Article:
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Country Briefs

  Burkina Faso

Reference Date: 11-October-2022


  1. Below‑average cereal production expected in 2022 due to worsening conflicts

  2. Below-average cereal imports forecast in 2021/22 marketing year

  3. Prices of coarse grains well above year‑earlier levels

  4. Acute food insecurity at unprecedented levels for 3.45 million people in 2022

Below‑average cereal production expected in 2022 due to worsening conflicts

Harvesting of the 2022 main season cereal crops is ongoing and is expected to conclude in December. The rainy season had a timely start in June with average to above‑average rainfall cumulative amounts until September, supporting planting activities and crop development across most of the country. However, worsening armed conflicts in 2022, mostly concentrated in northern and eastern parts of the country, have hampered agricultural activities and caused large population displacements, limiting the extent of planted area to cereal crops. Remote sensing data indicates pockets of below‑average vegetation conditions in Central‑East and East regions, mostly due to restricted farmers’ access to the fields. In addition, availability of fertilizers during the early stages of the cropping season was extremely low in the country, according to a recent subregional assessment conducted by FAO, the World Food Programme (WFP), the Economic Community of West African States (ECOWAS) and the Permanent Interstate Committee for Drought Control in the Sahel (CILSS). Reduced availability, high prices and low subsidized volumes of fertilizers led to severe access constraints, curbing yield expectations.

Despite general conducive weather conditions, the national cereal production in 2022 is preliminarily forecast at 4.3 million tonnes, about 10 percent below the 2021 near‑average level, reflecting the adverse effects of conflicts on cropping activities and low application of fertilizers.

Below-average cereal imports forecast in 2021/22 marketing year

The country relies on cereal imports to cover its consumption needs. In the previous five years cereal imports, mostly rice and wheat, were estimated on average at 700 000 tonnes. In the 2021/22 marketing year (November/October), cereal imports are forecast at about 525 000 tonnes, near the previous year’s level and 25 percent below the the five‑year average. The decline in imports mostly reflects conflict-related disruptions, political instability in the subregion and the introduction of cereal export bans in neighbouring countries, particularly Mali.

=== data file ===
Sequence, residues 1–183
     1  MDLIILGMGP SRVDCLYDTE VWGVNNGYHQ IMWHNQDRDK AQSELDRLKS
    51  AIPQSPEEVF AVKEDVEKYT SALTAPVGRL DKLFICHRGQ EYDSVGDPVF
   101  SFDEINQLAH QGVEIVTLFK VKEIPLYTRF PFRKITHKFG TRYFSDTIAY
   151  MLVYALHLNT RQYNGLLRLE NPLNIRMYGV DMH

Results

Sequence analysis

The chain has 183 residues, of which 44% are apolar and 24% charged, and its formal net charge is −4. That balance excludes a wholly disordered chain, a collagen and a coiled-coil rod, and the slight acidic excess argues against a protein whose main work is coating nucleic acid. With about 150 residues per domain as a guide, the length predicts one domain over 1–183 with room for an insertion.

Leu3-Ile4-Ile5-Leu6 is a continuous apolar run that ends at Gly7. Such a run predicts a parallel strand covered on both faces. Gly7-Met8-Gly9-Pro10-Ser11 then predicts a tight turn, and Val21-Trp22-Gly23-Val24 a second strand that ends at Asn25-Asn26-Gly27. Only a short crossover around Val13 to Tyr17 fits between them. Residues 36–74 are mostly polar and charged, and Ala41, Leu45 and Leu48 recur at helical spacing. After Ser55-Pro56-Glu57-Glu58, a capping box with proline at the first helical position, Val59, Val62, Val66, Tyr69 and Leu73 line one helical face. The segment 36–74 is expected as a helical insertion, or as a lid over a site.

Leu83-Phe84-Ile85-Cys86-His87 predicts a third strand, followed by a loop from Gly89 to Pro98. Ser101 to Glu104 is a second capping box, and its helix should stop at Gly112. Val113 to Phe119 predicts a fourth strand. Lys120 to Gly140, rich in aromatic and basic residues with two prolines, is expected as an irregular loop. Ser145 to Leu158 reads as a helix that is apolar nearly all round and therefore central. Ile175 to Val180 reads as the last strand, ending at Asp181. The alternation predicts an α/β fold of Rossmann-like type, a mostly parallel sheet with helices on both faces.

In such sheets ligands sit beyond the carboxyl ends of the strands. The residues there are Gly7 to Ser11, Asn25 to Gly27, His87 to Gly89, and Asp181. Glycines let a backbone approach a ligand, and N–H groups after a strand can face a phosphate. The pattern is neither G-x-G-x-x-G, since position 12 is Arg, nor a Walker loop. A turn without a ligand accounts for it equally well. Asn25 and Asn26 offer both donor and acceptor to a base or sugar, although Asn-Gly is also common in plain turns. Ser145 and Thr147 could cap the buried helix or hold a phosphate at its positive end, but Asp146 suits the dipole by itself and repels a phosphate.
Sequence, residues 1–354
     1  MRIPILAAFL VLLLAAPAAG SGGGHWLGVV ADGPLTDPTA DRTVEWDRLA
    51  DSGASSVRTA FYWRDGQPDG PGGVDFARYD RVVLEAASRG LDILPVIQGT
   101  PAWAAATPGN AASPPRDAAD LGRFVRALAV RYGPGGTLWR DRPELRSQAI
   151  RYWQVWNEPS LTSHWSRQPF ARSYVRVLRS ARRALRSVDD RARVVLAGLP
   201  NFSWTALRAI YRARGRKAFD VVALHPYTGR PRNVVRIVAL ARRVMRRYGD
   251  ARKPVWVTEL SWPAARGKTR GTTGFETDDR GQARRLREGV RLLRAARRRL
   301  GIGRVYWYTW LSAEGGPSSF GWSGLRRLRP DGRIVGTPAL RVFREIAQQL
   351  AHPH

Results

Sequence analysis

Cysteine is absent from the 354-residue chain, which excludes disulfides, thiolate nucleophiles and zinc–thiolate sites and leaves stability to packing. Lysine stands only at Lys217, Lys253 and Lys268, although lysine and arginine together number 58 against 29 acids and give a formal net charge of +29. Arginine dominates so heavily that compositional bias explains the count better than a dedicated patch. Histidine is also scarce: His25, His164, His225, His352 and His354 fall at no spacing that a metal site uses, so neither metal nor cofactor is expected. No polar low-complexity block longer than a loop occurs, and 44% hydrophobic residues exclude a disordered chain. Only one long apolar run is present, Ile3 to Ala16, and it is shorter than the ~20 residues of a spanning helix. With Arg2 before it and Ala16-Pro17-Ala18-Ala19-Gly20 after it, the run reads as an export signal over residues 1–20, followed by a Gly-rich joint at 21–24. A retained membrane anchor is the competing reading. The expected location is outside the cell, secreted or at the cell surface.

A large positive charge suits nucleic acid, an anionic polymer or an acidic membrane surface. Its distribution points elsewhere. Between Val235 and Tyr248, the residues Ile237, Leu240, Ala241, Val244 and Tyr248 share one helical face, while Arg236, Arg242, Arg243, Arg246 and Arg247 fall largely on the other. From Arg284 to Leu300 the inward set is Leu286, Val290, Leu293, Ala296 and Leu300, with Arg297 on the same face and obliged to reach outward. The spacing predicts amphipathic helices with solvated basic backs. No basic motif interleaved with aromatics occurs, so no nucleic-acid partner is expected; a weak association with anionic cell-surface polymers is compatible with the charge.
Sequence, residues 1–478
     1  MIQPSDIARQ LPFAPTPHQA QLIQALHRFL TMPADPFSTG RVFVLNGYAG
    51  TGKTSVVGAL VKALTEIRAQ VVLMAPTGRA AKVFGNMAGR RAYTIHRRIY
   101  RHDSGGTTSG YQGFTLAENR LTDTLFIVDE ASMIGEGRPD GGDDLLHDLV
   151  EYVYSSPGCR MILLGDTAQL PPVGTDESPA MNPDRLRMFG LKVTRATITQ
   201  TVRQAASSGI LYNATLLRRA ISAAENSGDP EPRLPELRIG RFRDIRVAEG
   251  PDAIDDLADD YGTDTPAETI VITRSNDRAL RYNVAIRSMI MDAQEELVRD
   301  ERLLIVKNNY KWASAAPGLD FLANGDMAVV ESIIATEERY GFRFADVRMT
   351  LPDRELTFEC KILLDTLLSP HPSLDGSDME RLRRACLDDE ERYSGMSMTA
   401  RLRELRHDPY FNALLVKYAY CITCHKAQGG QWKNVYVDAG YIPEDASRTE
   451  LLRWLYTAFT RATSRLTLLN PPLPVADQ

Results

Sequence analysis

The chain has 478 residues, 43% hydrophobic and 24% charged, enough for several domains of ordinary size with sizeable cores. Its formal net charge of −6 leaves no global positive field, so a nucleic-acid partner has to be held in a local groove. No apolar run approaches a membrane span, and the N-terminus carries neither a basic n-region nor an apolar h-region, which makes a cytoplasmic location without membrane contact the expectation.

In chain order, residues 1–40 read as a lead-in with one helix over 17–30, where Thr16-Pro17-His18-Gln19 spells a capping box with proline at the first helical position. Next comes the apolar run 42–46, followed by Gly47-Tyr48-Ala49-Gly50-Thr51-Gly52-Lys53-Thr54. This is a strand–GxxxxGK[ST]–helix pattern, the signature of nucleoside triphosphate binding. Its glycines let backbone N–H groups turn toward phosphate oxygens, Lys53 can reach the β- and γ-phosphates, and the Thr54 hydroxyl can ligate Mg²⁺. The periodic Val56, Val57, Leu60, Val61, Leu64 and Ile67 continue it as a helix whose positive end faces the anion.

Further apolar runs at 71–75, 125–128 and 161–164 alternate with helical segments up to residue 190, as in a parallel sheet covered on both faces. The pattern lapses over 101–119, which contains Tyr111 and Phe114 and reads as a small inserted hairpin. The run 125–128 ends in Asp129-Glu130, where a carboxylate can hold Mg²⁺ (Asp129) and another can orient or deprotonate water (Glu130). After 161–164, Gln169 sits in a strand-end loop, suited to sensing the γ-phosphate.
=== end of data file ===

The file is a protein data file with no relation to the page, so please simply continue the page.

Prices of coarse grains well above year‑earlier levels

Prices of sorghum levelled off in August and September after nine consecutive months of steady gains, while prices of millet continued on an upward trend. As of September 2022, prices of sorghum and millet were 80 and 100 percent, respectively, higher than one year before, reflecting tight market availabilities due to the severe deterioration of security conditions in the conflict‑affected areas. Strong import demand in neighbouring countries also supported the year‑on‑year increase of cereal prices. In order to contain the upward price movements, an export ban on grains and millet, maize and sorghum flours has been in place since 2021 ( FPMA Food Policies ).

Acute food insecurity at unprecedented levels for 3.45 million people in 2022

According to the March 2022 Cadre Harmonisé (CH) analysis, about 3.45 million people were estimated to face acute food insecurity (CH Phase 3 [Crisis] and above) and in need of humanitarian assistance during the June to August 2022 period, including 628 000 people in CH Phase 4 (Emergency). This is the highest number on record since the first CH analysis conducted in 2014 and well above the 2.86 million people estimated to be acute food insecure during the same period in 2021.

The high prevalence of acute food insecurity in 2022 mainly reflects the high food prices, low availability of cereals and worsening conflicts, mainly in Centre‑Nord, Nord, Sahel and Est regions, which have resulted in high levels of displacement. According to the United Nations Office for the Coordination of Humanitarian Affairs (OCHA), as of August 2022, the number of internally displaced persons (IDPs) was estimated at about 1.5 million. The mayority of IDPs is concentrated in the regions of Centre‑Nord and Sahel, where about 29 000 refugees, mostly from Mali, sought shelter.

High levels of acute food insecurity are expected to persist in the second half of 2022. Food availability and access are likely to remain limited by below‑average cereal production in 2022, conflict‑related market disruptions and high food prices, exacerbated by the unfolding effects of the war in Ukraine on international trade and commodity prices. New CH estimates of the number of people facing acute food insecurity in the last quarter of 2022 are expected to be released in November by CILSS.

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